Ryan McDonagh is still adapting to Tampa Bay. This is the time they got him, as he could be a key piece in matchups. He is accompanied by other former Rangers Anton Stralman and Dan Girardi, though the Lightning are likely to limit Girardi exposure (even after a relatively decent season).
Devils: New Jersey still looks weak on defense on paper (19659002) Sami Vatanen is becoming a workhorse for the Devils, with 22:44 per game and 28 points in 57 games. Will Butcher has his own way to go, but he has already scored 44 points in his first NHL season.
Damon Severson, Andy Greene and John Moore are among the Bluelers who can prove that they are worth more a look with strong playoffs.
Advantage : Lightning by a wide margin
Lightning: Andrei Vasilevskiy is still a Vezina finalist and it's easy to see why with a 44-17-3 record, .920 save percentage and eight lockouts. He is also successful in the postseason game and has saved the same percentage of .920 in 12 playoff appearances.
His most recent play is the elephant in the room, which tired itself in the years 2017-18. Keep in mind that in 41 games before the All-Star break, he has generated a brilliant .931 save percentage, only to save a bad backup level of .902 in 24 games after the break.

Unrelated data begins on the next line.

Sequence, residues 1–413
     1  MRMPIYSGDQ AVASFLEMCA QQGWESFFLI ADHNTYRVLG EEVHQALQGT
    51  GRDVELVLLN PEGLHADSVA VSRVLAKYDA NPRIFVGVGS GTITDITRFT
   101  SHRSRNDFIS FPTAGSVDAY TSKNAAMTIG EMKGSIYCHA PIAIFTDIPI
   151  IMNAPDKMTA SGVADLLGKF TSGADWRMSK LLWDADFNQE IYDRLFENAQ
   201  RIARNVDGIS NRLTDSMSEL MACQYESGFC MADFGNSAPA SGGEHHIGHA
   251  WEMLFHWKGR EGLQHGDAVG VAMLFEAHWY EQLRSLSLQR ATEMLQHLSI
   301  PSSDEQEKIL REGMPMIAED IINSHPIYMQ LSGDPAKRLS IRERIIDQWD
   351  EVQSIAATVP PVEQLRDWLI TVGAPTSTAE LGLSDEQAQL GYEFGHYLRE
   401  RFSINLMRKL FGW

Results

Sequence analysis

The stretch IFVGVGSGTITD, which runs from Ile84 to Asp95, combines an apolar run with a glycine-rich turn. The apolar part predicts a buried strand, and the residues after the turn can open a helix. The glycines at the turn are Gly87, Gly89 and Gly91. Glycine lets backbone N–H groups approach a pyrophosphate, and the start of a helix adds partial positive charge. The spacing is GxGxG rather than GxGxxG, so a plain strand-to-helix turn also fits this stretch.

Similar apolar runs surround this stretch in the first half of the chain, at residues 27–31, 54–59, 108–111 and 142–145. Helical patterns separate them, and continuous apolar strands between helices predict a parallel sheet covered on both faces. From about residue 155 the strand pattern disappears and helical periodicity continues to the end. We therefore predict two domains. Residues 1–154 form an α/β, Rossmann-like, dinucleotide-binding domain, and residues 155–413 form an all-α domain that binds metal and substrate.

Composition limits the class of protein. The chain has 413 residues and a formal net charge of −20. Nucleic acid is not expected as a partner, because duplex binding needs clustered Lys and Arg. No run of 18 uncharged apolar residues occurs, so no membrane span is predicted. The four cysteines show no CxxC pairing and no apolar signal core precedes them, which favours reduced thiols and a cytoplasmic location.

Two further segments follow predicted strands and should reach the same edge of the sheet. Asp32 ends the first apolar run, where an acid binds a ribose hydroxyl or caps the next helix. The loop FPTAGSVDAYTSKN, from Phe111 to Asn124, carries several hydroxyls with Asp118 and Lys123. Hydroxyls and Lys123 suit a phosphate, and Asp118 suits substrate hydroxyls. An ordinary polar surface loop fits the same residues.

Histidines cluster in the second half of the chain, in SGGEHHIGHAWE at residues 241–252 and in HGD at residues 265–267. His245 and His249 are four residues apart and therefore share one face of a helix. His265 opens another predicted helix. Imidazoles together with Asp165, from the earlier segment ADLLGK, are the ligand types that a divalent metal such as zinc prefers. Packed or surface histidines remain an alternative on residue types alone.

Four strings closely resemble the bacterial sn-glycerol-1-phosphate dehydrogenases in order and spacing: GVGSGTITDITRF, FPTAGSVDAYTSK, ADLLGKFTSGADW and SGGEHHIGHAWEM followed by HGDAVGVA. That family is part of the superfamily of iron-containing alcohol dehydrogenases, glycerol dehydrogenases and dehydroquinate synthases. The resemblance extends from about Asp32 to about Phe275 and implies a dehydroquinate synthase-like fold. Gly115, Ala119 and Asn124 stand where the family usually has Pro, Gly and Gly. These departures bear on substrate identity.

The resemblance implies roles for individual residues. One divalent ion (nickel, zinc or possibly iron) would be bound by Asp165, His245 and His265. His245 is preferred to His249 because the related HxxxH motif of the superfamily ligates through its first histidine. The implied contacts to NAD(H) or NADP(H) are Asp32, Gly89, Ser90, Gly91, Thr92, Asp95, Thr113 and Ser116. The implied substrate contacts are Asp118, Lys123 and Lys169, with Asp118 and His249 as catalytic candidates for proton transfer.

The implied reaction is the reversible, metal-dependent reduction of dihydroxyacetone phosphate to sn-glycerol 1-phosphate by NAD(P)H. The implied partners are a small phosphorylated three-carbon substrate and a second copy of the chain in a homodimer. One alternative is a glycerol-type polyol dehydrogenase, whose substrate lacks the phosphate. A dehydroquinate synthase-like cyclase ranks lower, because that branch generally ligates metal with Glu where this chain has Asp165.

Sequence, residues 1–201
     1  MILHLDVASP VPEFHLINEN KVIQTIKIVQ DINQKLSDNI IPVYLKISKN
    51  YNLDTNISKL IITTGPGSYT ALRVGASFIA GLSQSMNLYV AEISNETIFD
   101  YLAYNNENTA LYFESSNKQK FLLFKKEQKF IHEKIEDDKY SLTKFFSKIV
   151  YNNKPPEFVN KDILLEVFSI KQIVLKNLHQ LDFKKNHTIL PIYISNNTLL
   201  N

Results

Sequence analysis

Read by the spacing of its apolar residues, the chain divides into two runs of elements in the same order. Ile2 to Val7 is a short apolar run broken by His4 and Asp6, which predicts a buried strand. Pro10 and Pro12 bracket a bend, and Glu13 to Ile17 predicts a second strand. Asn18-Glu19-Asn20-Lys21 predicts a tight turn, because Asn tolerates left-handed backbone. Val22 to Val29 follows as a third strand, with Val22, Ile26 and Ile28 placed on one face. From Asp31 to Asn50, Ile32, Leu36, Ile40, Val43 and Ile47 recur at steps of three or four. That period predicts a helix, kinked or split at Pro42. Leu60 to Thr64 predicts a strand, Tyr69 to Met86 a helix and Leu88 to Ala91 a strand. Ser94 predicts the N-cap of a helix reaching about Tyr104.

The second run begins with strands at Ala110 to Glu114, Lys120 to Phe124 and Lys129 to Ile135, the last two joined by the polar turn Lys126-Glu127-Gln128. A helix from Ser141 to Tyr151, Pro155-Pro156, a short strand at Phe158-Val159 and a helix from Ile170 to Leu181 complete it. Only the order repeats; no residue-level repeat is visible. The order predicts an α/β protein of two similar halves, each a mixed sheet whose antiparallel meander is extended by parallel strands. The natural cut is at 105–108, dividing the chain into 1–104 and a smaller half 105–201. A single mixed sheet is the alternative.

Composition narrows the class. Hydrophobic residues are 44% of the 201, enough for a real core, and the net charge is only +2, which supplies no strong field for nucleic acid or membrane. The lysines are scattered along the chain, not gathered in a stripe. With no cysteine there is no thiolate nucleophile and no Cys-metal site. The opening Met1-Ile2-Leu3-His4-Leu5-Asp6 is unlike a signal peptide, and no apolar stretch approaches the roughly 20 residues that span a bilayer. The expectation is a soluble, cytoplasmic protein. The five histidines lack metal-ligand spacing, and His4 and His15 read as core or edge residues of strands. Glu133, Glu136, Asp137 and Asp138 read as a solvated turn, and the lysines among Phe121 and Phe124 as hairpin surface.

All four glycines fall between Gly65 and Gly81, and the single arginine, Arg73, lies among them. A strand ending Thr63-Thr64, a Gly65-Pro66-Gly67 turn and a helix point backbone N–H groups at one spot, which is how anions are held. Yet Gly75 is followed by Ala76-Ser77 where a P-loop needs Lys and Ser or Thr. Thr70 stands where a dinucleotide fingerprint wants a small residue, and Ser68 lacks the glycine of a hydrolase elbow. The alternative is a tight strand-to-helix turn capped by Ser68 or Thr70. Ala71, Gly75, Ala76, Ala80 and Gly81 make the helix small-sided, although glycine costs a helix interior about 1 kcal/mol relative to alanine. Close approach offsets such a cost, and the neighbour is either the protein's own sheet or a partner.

Louis Domingue has not really inspired any trust as his support.
Devils: With Cory Schneider seemingly in a career crisis, the devils turned to Keith Kinkaid. Kinkaid proved to be surprisingly resilient to New Jersey and produced a four-game winning streak that helped them lock the playoff spot and achieve a 41,000-saving percentage through 41 appearances.
Advantage : Lightning, even if Vasilevskiy's energy comes into question.
Lightning: The Powerspiel of Bolts is one of the deadliest NHLs. Percent success rate at 66 power play goals and only allowed three shorthanded goals. Their penalty, however, killed, with a PK% of just 76.1 percent, fourth-worst in the NHL (64 PPGA, nine shorthanded goals for that).
Devil: New Jersey closed at 21.4 percent on its strength plays, good for 54 PPG and six SHGA. They shone on the PK by finishing seventh in the NHL, conceding 81.8 percent of their penalties (47 gymnastics gates allowed, 12 goals scored).
Advantage : Devils, as they mix a very nice power game with one of the better PK units, especially considering how dangerous they are with 12 shorthanded goals. The power play of lightning, however, is so dominant that it could make this balance irrelevant.
Lightning: Will Vasilevskiy be anywhere near him? best self or his tank really empty? This Lightning team is balanced and dangerous at the top, but poor goalies can submarine even the strongest teams.
Devils: Taylor Hall in his first playoff series. It's a great story and there's a good chance he'll be the best player on the ice. Could he be such a force that he tilts this series in favor of New Jersey?
Flash in five games. The Bolts have the top heavy talent to knock Taylor Hall out of the race, and even if they lose that fight, they'll probably dominate from deep down. Vasilevskiy also gives them an advantage on the net … at least on paper.
If you're a Devils fan who's grumbling, think about it: New Jersey seems to be thriving when it comes to ignoring the odds. Why not in the first round?
James O'Brien writes for Pro Hockey Talk at NBC Sports . Write him a message to firstname.lastname@example.org or follow him on Twitter @cycylikesedins .